Ray Kurzweil has been an accurate predictor of technology trends for decades. He was the principal developer of the first print-to-speech reading machine for the blind, the first CCD flat-bed scanner, and the first music synthesizer capable of recreating the grand piano. His books The Age of Spiritual Machines and The Singularity is Near describe the exponential growth of technology and its inevitable transformation of human existence.
Jaron Lanier is a computer scientist, composer, visual artist, and author. Lanier is probably best known for his work in Virtual Reality. He coined the term “Virtual Reality” and in the early 1980s founded VPL Research, the first company to sell VR products. He was Scholar at Large for Microsoft from 2006 to 2009, and Partner Architect at Microsoft Research from 2009 forward. His most recent book was You Are Not A Gadget.
Kevin Kelly is Senior Maverick at Wired magazine. He helped launch Wired in 1993, and served as its Executive Editor until January 1999. He is currently editor and publisher of the Cool Tools website, which gets 1 million visitors per month. He authored the best-selling New Rules for the New Economy and the classic book on decentralized emergent systems, Out of Control.
Rodney Brooks is Panasonic Professor of Robotics (emeritus) at the Massachusetts Institute of Technology. He is a robotics entrepreneur and Founder, Chairman and CTO of Heartland Robotics, Inc. and the also a Founder, Board Member and former CTO of iRobot Corp. His research is concerned with both the engineering of intelligent robots to operate in unstructured environments, and with understanding human intelligence through building humanoid robots. His most recent book was Flesh and Machines: How Robots Will Change Us.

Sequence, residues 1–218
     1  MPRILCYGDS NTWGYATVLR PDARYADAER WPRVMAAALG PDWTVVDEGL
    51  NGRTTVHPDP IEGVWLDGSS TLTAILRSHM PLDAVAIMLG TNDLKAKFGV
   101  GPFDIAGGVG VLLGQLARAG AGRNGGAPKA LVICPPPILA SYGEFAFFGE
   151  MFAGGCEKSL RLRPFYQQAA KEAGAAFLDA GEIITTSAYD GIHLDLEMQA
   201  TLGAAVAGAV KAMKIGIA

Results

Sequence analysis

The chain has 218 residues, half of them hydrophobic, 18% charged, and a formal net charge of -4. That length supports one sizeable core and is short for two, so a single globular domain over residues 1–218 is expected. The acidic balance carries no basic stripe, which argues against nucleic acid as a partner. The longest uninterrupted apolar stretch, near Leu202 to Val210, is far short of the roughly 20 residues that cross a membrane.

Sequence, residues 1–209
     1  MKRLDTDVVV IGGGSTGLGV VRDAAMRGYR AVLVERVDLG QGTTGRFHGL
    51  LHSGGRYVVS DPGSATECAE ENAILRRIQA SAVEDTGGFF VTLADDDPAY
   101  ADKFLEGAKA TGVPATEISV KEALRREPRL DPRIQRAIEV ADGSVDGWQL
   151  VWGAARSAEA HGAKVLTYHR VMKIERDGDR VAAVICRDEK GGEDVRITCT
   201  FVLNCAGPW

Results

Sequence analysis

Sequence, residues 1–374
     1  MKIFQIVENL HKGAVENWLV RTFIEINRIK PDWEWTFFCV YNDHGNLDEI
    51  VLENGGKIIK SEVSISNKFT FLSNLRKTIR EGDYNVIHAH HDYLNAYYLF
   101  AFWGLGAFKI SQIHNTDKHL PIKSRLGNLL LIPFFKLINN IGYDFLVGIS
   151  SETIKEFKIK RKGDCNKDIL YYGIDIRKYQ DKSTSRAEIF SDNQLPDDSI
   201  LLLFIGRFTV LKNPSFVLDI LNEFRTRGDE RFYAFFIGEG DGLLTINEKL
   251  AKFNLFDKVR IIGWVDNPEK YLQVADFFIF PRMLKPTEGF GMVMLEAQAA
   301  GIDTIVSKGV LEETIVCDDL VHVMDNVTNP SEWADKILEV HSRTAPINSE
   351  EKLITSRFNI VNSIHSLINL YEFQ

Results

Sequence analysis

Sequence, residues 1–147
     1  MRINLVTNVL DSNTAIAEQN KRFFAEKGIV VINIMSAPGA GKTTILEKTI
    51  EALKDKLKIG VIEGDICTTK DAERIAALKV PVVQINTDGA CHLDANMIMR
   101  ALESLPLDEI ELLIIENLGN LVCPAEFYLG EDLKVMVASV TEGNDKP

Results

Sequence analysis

Sherry Turkle is Abby Rockefeller Mauze Professor of the Social Studies of Science and Technology in the Program in Science, Technology, and Society at MIT and the founder and current director of the MIT Initiative on Technology and Self, a center of research and reflection on the evolving connections between people and artifacts. Her most recent book is Alone Together – Why we expect more from technology and less from each other.
David Skrbina is a Lecturer in Philosophy in the Department of Humanities at the University of Michigan at Dearborn. His work in the philosophy of technology led to collaboration with Theodore Kaczynski on the book Technological Slavery.
David Gelernter is professor of computer science at Yale, chief scientist at Mirror Worlds Technologies, contributing editor at the Weekly Standard and member of the National Council of the Arts. He’s the author of several books and many technical articles; also essays, art criticism and fiction. In 1993, Gelernter was critically injured opening a mailbomb sent by Theodore Kaczynski, who at that time was an unidentified but violent opponent of technology, dubbed by the press as “the Unabomber.”
Erik Davis is noted for his study of the history of technology and society and his essays about the fate of the individual in the dawning posthuman era. Although significant aspects of his work include media criticism and technology criticism, his works span across other disciplines to include a larger social history of art, religion, and science, technology, and politics.